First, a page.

Home News Cars Washed Away as ‘Severe’ Flash Floods Hit Utah National Park

Cars Washed Away as ‘Severe’ Flash Floods Hit Utah National Park


According to officials, rescue teams in Utah assisted tourists and park rangers who were trapped by flash floods on Thursday and had to leave Capitol Reef National Park.

Flash floods hit Utah national park

According to a news statement from the Wayne County Sheriff’s Office (WCSO), Grand Wash experienced active flooding at 12:18 p.m. Some park rangers who were trying to rescue stranded tourists ended up being stuck themselves due to the flooding.

Active flooding was present. As park rangers worked to rescue people from the wash, several of them became caught in the flood but managed to escape by climbing to higher ground, according to the sheriff’s office.

According to the park service, minor cuts and abrasions were the only injuries reported.

An “excessive amount of guests” were present at the park, and the floods were “serious,” according to a dispatch center in Richfield, Sevier County, which was instructed to get in touch with the Department of Public Safety (DPS) and urge them to help with airlifting people to safety.

The WCSO said that a DPS helicopter was sent to the location and was able to rescue those who were stranded there. To assist the DPS with refueling, a jet fuel trailer also came from a nearby town.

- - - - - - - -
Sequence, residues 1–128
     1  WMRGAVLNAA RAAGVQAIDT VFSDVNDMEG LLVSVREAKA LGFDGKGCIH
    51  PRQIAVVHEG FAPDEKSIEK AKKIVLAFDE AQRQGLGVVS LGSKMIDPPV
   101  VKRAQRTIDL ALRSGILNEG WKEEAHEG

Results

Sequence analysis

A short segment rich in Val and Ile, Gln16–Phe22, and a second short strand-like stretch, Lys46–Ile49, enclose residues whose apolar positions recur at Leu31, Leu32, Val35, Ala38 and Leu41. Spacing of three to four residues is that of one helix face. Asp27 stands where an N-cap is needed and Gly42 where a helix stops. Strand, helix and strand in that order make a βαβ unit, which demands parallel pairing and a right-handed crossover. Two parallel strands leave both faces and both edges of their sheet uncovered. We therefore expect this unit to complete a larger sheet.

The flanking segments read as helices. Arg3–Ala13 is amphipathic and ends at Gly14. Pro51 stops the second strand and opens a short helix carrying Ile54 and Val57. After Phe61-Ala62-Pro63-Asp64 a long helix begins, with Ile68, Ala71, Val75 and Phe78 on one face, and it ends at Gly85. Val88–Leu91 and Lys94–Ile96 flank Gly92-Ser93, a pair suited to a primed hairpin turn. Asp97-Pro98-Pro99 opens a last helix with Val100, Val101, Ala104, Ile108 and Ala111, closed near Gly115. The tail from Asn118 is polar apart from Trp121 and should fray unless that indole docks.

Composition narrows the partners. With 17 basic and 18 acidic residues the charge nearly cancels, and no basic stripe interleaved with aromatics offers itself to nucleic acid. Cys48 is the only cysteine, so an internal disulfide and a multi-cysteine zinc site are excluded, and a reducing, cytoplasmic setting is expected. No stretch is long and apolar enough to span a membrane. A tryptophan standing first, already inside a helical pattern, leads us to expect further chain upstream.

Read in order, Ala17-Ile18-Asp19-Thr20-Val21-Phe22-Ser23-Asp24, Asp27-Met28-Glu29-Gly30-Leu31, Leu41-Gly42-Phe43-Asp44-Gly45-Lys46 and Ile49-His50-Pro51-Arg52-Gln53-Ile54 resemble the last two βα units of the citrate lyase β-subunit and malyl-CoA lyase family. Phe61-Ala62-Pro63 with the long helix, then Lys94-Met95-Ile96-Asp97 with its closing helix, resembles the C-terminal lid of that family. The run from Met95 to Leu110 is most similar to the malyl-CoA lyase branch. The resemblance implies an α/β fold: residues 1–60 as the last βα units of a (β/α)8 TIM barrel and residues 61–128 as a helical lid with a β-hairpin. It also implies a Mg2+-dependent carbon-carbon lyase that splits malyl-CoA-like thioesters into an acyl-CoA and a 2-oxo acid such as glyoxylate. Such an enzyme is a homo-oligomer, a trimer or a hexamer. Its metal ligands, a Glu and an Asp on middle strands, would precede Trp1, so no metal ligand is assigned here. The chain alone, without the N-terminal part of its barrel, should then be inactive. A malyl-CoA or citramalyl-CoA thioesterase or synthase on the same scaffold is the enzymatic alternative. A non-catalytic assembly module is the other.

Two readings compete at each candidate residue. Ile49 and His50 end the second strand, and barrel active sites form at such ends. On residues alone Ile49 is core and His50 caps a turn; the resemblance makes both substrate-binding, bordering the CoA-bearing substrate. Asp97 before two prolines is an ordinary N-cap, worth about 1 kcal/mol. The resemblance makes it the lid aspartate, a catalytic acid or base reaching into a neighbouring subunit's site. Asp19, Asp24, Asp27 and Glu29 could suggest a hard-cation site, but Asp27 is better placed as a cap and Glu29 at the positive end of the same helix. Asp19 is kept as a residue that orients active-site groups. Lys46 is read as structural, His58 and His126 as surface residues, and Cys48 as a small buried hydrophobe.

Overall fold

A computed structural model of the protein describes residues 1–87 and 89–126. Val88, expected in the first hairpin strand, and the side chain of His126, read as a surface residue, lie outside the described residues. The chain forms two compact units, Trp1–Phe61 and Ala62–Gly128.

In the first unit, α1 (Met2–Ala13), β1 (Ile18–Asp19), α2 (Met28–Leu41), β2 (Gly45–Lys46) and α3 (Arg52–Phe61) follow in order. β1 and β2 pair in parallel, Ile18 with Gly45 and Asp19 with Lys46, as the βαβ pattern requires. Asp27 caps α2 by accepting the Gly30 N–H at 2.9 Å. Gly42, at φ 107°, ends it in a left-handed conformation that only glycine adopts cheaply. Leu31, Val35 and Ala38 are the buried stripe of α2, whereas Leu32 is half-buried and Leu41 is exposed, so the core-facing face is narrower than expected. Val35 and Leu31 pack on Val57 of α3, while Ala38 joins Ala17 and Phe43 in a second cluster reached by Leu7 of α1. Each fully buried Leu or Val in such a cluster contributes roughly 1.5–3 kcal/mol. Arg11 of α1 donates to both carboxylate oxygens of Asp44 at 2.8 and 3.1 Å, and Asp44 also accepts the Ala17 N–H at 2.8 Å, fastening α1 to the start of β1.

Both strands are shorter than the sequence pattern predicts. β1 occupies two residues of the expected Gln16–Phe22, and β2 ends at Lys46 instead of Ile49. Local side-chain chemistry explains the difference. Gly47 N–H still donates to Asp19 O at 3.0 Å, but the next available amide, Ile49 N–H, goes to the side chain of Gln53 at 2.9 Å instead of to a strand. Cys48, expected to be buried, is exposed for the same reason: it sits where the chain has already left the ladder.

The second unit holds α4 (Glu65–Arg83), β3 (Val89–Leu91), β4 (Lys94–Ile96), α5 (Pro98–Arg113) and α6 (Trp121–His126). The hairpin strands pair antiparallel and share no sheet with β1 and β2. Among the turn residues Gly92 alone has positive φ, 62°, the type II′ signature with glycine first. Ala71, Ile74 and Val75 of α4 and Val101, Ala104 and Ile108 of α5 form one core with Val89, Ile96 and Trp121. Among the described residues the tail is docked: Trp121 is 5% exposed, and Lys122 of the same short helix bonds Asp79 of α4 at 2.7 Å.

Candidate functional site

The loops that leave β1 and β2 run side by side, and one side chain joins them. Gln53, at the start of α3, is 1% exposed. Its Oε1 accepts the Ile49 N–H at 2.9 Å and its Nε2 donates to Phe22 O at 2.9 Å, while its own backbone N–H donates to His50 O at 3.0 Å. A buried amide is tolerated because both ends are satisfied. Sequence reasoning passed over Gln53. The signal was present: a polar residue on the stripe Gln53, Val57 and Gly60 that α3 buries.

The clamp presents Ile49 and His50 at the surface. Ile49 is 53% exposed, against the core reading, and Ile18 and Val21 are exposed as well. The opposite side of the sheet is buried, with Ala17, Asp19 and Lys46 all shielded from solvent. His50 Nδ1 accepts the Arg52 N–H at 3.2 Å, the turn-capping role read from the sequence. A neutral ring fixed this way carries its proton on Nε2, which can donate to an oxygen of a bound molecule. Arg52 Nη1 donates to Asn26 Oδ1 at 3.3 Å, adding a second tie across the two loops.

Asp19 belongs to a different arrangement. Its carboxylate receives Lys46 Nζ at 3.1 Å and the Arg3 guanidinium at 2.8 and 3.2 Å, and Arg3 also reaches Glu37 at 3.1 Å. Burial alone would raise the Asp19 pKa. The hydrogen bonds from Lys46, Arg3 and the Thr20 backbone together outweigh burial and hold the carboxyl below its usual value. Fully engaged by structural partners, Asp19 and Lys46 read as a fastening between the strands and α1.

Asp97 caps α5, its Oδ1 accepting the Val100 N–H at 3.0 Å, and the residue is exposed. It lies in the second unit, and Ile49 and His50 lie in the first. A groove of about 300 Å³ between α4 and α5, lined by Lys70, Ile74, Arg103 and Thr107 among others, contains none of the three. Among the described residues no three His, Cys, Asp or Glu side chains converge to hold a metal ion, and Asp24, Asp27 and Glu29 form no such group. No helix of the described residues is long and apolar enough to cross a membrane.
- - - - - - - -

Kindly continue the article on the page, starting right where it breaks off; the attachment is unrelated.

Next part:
Officials reported that “they were able to hoist them out and brought them to a parking lot.” The park rangers worked assiduously to clear the roads, making them passable, but there were about 60 individuals in the parking lot who nearly had to spend the night.

According to Kassidee Brown, a spokeswoman for Wayne County, the Utah Department of Transportation and the WCSO mutually decided which local roads would be shut down during the flash flooding.

For those who were stuck due to the flooding, park service employees offered housing in motels close by.

The sheriff’s office stated that there are roughly seven to eight “disabled automobiles in the flood zones” and added that park rangers “were able to secure housing and are shuttle[ing] individuals out of the parking lot to the neighboring motels.”

The release concluded, “[Officials] will work to bring them out, conditions permitting.”

Massive floodwaters earlier this month devastated Yellowstone National Park and the surrounding areas, washed down roads and bridges, shut off electricity, and required people to leave some of the park’s most famous attractions during the height of the summer travel season.

According to Yellowstone officials, more than 10,000 visitors were asked to leave the country’s first national park, according to a story by The Associated Press.

For the first time since devastating flooding wrecked bridges and roads and evicted thousands of visitors, the park partially reopened on Wednesday.

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